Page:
Speed to boil does matter to some folks, including me: in those times when it's cold out, when one desires hot water sooner than later, when it's windy and raining, it's nice to have a stove that "goes to eleven". This is why many of us use(d) the venerable XGK white gas stove, for example. Based on personal experience using a variety of fuels and stoves, I appreciate that my canister stove can simmer low *and* boil fast, as desired.

If you never need or want to boil fast, that's cool. De Colores.


Guess what? I'm a chick. I don't dig you a'tall. I make my own hot chocolate and better than the packets you get at the store.

I'm pretty sure none of the stoves I have used have failed to boil water, and frequently I am faster at it than the wanks with their old white gas stoves that they STILL can't manage to prime correctly... by the time they are done getting it all put together, primed, re-primed, taken apart, put together again, and blown off their beard a second time... or hey, there's the ones that just break.

Considering I use a cat can stove half the time, that says something.

Fast is just for yuppies who think they need it.
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Re: which backpacking stove to use

Postby rlown » Mon May 13, 2013 8:03 pm

wow.. can we talk about stoves again?

I do use both. depends on who's carrying what and what we're cooking. fast boil: great. simmer: fish.. I don't own a can stove, but i go with some who do.

Not seeing the problem. Pick one and learn. It's not set in stone people. jeez.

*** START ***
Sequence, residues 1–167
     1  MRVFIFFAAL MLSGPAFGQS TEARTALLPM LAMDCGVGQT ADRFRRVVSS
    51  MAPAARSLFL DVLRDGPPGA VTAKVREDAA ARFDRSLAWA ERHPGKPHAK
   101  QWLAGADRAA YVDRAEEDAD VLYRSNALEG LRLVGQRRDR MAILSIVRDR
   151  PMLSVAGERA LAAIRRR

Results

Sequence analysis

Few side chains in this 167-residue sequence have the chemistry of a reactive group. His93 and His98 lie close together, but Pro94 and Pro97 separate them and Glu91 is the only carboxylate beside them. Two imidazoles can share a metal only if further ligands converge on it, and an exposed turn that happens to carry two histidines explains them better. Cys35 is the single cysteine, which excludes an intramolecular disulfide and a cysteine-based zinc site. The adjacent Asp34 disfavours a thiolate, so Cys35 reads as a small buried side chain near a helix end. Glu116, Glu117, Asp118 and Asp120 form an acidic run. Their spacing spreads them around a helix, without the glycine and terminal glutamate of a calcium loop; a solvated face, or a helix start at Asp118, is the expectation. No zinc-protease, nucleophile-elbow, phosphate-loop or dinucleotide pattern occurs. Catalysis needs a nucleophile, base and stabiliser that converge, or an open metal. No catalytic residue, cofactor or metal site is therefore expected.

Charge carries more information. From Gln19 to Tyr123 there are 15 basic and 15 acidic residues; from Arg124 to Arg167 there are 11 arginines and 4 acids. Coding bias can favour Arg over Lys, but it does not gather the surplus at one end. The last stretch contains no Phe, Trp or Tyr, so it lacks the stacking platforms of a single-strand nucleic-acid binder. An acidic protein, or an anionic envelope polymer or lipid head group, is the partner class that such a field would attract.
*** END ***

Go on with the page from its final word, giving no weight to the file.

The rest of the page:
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Re: which backpacking stove to use

Postby LMBSGV » Mon May 13, 2013 10:19 pm

One of the things on this thread that has me a bit mystified is starting a fire with white gas stoves. I’ve been using white gas stoves since 1973, beginning with a Svea through a succession of Colemans, in nearly every temperature from the teens on up, at altitudes from sea level to 12,000 feet, and under every sort of condition of snow, wind, and rain and the only fire I’ve started lighting a white gas stove is in the burner of the stove.
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Re: which backpacking stove to use

Postby longri » Tue May 14, 2013 9:39 am

LMBSGV wrote:One of the things on this thread that has me a bit mystified is starting a fire with white gas stoves. I’ve been using white gas stoves since 1973, beginning with a Svea through a succession of Colemans, in nearly every temperature from the teens on up, at altitudes from sea level to 12,000 feet, and under every sort of condition of snow, wind, and rain and the only fire I’ve started lighting a white gas stove is in the burner of the stove.